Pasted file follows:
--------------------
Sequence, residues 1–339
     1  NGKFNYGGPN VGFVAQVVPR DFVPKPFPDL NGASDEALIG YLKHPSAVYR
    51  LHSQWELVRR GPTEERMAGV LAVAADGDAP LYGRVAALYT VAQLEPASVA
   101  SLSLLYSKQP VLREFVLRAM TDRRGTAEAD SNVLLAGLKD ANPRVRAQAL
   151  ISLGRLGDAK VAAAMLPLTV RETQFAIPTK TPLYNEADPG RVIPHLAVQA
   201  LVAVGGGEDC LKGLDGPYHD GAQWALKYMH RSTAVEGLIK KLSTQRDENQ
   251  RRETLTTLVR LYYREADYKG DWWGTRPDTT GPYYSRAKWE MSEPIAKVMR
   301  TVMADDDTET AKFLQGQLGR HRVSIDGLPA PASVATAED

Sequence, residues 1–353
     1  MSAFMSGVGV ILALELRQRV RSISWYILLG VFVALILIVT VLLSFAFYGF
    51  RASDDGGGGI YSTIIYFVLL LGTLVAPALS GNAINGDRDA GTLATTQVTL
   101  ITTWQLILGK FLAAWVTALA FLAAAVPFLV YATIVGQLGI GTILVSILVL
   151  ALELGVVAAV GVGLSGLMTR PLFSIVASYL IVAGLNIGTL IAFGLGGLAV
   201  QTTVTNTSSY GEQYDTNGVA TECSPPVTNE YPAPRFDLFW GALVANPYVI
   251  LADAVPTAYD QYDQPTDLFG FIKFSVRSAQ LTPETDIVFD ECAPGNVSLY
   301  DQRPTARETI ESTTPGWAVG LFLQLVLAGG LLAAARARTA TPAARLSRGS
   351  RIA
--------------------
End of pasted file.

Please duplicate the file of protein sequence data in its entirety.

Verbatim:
Sequence, residues 1–339
     1  NGKFNYGGPN VGFVAQVVPR DFVPKPFPDL NGASDEALIG YLKHPSAVYR
    51  LHSQWELVRR GPTEERMAGV LAVAADGDAP LYGRVAALYT VAQLEPASVA
   101  SLSLLYSKQP VLREFVLRAM TDRRGTAEAD SNVLLAGLKD ANPRVRAQAL
   151  ISLGRLGDAK VAAAMLPLTV RETQFAIPTK TPLYNEADPG RVIPHLAVQA
   201  LVAVGGGEDC LKGLDGPYHD GAQWALKYMH RSTAVEGLIK KLSTQRDENQ
   251  RRETLTTLVR LYYREADYKG DWWGTRPDTT GPYYSRAKWE MSEPIAKVMR
   301  TVMADDDTET AKFLQGQLGR HRVSIDGLPA PASVATAED

Sequence, residues 1–353
     1  MSAFMSGVGV ILALELRQRV RSISWYILLG VFVALILIVT VLLSFAFYGF
    51  RASDDGGGGI YSTIIYFVLL LGTLVAPALS GNAINGDRDA GTLATTQVTL
   101  ITTWQLILGK FLAAWVTALA FLAAAVPFLV YATIVGQLGI GTILVSILVL
   151  ALELGVVAAV GVGLSGLMTR PLFSIVASYL IVAGLNIGTL IAFGLGGLAV
   201  QTTVTNTSSY GEQYDTNGVA TECSPPVTNE YPAPRFDLFW GALVANPYVI
   251  LADAVPTAYD QYDQPTDLFG FIKFSVRSAQ LTPETDIVFD ECAPGNVSLY
   301  DQRPTARETI ESTTPGWAVG LFLQLVLAGG LLAAARARTA TPAARLSRGS
   351  RIA